# How to read a balance sheet to determine if a company has enough money to keep paying their employees?

I heard today while listening to an accounting podcast that a balance sheet (or maybe it was a cash-flow document) can be used to determine if a company has enough money to pay its employees. Since these types of reports are frequently publicized, I thought it might help in investing, or even looking for a job. Can someone provide me a pair of examples (one good, one bad), and walk me though how to understand such a document?

• I think you need to go look at a couple of cash flow statements and balance sheets, then put some details in this question. Right now your question is essentially, "someone go find me some financial statements then teach me finance." The quarterly statements are 10-Q the annuals are 10-K.
– quid
Commented Mar 10, 2017 at 17:49

I heard today while listening to an accounting podcast that a balance sheet... can be used to determine if a company has enough money to pay its employees.

The "money" that you're looking at is specifically cash on the balance sheet. The cash flows document mentioned is just a more-finance-related document that explains how we ended at cash on the balance sheet.

...even looking for a job

This is critical, that i don't believe many people look at when searching for a job. Using the ratios listed below can (and many others), one can determine if the business they are applying for will be around in the next five years.

``````  Quick ratio: [(Cash + Marketable Securities + Accounts Receivable) / Current Liabilities]
Current ratio: [Current Assets/ Current Liabilities]
Debt to equity ratio: [Total Liabilities/ Total Owner's Equity]
``````

Can someone provide me a pair of examples (one good)?

My favorite example of a high cash company is Nintendo. Rolling at 570 Billion USD IN CASH ALONE is astonishing. Using the ratios we can see how well they are doing.

``````  Quick ratio: [(570B + 339B + 39B) / 98B] = 9.673
In immediate assets only they can pay their debts 9 times over.
Current ratio: [1.02T/ 98B]              = 10.408
They can pay their debts 10 times over.
Debt to equity ratio: [136B/ 1.16TT]       = 0.119
12% of their assets are financed by debt.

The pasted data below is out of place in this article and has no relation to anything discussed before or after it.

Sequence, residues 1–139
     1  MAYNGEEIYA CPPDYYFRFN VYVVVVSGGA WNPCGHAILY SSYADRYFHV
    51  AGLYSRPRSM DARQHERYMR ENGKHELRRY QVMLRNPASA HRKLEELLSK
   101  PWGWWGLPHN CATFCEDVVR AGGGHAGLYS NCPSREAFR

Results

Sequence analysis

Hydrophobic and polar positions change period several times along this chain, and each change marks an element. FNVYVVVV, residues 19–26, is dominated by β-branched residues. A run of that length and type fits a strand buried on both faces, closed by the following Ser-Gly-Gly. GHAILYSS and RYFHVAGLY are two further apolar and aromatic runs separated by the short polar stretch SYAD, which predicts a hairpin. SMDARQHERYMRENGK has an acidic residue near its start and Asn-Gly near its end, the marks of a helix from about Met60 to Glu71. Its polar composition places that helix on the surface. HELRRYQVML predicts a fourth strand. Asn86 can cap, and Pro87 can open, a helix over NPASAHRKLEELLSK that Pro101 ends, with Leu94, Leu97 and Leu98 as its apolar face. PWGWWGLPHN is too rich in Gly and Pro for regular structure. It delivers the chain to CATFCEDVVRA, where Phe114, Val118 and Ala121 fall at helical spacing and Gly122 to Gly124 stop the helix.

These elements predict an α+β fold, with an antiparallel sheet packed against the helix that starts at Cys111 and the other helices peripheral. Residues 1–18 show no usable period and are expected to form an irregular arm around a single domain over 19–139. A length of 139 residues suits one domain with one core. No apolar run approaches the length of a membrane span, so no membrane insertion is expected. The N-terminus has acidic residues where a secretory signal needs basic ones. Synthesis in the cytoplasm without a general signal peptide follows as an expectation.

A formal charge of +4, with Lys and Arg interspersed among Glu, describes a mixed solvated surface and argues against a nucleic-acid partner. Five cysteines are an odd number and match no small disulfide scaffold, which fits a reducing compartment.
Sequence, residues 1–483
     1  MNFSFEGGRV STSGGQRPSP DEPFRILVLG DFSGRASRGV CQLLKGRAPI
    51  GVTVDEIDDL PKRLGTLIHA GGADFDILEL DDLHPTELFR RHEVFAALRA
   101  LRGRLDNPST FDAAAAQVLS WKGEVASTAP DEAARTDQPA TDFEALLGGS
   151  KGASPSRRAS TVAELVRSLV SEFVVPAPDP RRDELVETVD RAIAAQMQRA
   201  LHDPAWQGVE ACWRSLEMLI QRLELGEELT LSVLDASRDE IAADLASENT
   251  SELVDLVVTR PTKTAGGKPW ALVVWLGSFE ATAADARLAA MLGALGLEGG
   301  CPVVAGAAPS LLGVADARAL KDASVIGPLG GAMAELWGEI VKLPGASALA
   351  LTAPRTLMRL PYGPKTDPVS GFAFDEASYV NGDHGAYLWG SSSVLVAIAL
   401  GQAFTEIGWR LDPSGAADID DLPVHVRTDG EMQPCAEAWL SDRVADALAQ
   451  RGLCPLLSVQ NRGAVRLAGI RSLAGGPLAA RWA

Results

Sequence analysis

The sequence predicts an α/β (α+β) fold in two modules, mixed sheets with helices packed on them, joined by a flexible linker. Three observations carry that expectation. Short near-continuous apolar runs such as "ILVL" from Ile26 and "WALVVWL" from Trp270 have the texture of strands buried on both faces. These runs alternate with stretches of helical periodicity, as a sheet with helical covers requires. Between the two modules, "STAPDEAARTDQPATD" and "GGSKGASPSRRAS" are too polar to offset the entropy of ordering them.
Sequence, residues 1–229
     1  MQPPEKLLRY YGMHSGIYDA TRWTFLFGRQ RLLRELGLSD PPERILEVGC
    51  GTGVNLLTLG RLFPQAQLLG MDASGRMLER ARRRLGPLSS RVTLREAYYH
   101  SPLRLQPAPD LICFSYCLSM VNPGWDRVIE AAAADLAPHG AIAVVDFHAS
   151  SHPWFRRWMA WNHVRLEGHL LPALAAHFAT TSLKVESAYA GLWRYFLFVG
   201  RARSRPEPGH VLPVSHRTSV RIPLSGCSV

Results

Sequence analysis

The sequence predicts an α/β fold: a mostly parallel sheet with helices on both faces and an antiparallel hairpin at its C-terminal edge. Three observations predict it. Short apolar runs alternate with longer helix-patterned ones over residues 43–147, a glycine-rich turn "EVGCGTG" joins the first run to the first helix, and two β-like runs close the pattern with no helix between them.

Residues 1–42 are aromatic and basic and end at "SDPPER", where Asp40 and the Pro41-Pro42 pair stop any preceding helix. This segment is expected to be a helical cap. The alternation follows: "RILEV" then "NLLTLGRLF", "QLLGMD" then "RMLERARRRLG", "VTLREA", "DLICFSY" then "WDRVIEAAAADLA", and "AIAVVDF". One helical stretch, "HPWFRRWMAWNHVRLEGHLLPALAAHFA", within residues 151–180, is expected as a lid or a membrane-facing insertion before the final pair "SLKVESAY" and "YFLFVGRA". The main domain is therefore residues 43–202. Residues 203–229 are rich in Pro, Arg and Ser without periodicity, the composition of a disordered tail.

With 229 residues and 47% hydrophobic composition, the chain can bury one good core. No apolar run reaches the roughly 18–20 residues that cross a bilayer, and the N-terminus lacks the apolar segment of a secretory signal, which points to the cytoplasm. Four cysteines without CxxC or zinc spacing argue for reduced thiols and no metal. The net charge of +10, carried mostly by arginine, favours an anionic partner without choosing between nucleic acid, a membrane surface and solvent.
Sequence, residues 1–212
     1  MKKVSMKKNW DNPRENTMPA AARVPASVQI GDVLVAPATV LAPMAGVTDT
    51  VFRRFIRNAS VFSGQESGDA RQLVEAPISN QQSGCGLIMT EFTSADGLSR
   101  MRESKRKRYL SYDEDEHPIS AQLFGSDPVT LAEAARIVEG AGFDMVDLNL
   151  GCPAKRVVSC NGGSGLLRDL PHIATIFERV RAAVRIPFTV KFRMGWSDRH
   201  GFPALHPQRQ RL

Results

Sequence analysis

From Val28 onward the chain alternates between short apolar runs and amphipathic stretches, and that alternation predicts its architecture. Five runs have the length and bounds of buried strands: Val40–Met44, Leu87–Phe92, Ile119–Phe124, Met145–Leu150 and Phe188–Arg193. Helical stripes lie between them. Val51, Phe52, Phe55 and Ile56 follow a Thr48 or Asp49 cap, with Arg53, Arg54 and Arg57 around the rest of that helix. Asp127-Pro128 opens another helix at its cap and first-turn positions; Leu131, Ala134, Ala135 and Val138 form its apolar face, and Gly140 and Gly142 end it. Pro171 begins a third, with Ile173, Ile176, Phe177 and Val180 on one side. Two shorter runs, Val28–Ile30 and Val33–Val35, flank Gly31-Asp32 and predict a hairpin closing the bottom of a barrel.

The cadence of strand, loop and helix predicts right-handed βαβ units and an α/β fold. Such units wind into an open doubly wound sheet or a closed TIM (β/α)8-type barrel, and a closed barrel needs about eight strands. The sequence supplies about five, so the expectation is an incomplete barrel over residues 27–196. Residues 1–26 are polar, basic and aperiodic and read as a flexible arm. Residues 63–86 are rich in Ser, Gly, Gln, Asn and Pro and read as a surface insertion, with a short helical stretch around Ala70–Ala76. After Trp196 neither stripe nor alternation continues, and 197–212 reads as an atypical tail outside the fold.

``````

Can someone provide me a pair of examples (one bad)?

Tesla is a good example of the later on being cash poor.

``````  Quick ratio: [(3.5B + 0 + .499B) / 5.83B]   = .686
In immediate assets only, Tesla can 70% of their debts.
Current ratio: [6.26B/ 5.83B]               = 1.074
They can pay their debts 1.074 times over (If all assets are sold).
Debt to equity ratio: [16.75B/ 5.91B]       = 2.834
Most of their assets are financed by debt.
``````

Walk me though how to understand such a document?

*Note: This question is highly complex and will take months of reading to fully comprehend the components that make up the financial statements. I would recommend that this question be posted completely separate.

• So it's kind of like asking; if the company did something risky today; and failed at it; and they sold all their assets; how at risk would they be for not being able to pay off all their debts? Which includes, incidentally, paying their workers. So if they can pay off their debts using just their assets, they have more wiggle room to take risks in business? Commented Mar 10, 2017 at 19:27
• Downvote because "570 billion USD" is off the mark by more than a factor 100. The link you showed clearly quotes Japenese Yen. 570 Billion Yen is just below 5 billion USD. Commented Mar 10, 2017 at 23:58
• Nice call @gnasher729, I wasn't reading it that thoroughly and assumed it was in USD. While this is true, the ratios are still accurate and can be used to assess industries and companies.
– Liam
Commented Mar 12, 2017 at 23:40